Statement by Minister Ng on U.S. International Trade Commission determination on softwood lumber products from Canada
November 30, 2023 - Ottawa, Ontario - Global Affairs Canada
The Honourable Mary Ng, Minister of Export Promotion, International Trade and Economic Development, today issued the following statement regarding the results of the sunset review by the U.S. International Trade Commission (USITC) regarding softwood lumber products from Canada:
“Canada is disappointed that the USITC has determined that the United States can continue to impose unfair and unwarranted duties on Canadian softwood lumber products.
“U.S. duties on Canadian softwood lumber are unfounded and unjustifiably harm Canadian businesses and communities. With significant challenges in housing supply and affordability, these duties also harm U.S. consumers and businesses that need Canadian lumber.
“We will always fight for the best interest of Canadians and continue to use all available avenues to vigorously defend the workers, businesses, and communities who rely on softwood lumber for their livelihoods. This includes pursuing litigation under the North American Free Trade Agreement and Canada-United States-Mexico Agreement, and at the World Trade Organization.”
- The USITC and the U.S. Department of Commerce (Commerce) conduct sunset reviews of countervailing duty (CVD) and anti-dumping (AD) duty orders on a 5-year cycle.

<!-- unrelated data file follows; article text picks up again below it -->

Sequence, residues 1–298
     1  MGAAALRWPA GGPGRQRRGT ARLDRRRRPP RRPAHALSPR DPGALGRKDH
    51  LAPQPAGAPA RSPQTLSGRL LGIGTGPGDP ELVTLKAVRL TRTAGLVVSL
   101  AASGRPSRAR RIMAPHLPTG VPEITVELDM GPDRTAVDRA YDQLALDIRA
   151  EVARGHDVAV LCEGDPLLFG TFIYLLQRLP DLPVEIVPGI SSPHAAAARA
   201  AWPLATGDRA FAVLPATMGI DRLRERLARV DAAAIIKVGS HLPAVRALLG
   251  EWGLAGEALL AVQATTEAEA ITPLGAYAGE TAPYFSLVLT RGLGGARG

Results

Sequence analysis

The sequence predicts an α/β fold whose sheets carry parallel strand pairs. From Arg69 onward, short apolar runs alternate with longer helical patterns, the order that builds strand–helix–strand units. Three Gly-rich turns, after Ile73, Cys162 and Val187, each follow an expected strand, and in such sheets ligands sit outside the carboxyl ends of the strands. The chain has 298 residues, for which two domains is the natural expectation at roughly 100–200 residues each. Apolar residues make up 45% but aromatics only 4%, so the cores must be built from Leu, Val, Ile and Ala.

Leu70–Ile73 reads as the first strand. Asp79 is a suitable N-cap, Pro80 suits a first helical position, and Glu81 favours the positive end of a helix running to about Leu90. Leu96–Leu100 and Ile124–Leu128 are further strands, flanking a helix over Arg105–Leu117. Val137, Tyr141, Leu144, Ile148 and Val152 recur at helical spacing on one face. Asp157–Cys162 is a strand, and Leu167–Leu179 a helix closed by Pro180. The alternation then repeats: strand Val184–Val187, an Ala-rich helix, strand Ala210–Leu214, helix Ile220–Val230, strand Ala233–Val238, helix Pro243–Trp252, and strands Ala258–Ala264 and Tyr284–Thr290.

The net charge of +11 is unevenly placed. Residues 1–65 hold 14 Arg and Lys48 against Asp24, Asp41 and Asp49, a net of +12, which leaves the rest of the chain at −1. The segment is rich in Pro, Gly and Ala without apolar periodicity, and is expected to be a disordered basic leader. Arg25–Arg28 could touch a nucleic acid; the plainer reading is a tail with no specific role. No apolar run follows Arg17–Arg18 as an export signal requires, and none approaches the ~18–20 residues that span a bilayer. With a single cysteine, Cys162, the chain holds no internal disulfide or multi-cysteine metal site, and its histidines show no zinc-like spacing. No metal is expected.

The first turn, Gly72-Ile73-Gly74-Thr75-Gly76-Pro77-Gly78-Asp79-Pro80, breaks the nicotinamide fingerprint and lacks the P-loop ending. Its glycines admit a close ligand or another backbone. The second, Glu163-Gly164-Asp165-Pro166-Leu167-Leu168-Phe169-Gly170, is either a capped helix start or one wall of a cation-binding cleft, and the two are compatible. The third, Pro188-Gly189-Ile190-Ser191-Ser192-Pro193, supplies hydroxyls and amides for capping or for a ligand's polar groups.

- The purpose of the USITC’s sunset reviews is to determine whether revocation of the duty orders would be likely to lead to the continuation or recurrence of material injury to the U.S. industry and, therefore, whether the United States will continue applying duties against Canadian softwood lumber products.
- The results of the USITC sunset review will become official once the determination is issued and published in the U.S. Federal Register.
- Commerce issued the final results of its first sunset review of the CVD and AD orders on softwood lumber from Canada on March 27 and April 3, 2023, respectively.
- Commerce found that, if duties on Canadian softwood lumber products were revoked, there would likely be a continuation or recurrence of countervailable subsidies and dumping.
Office of the Minister of Export Promotion, International Trade and Economic Development
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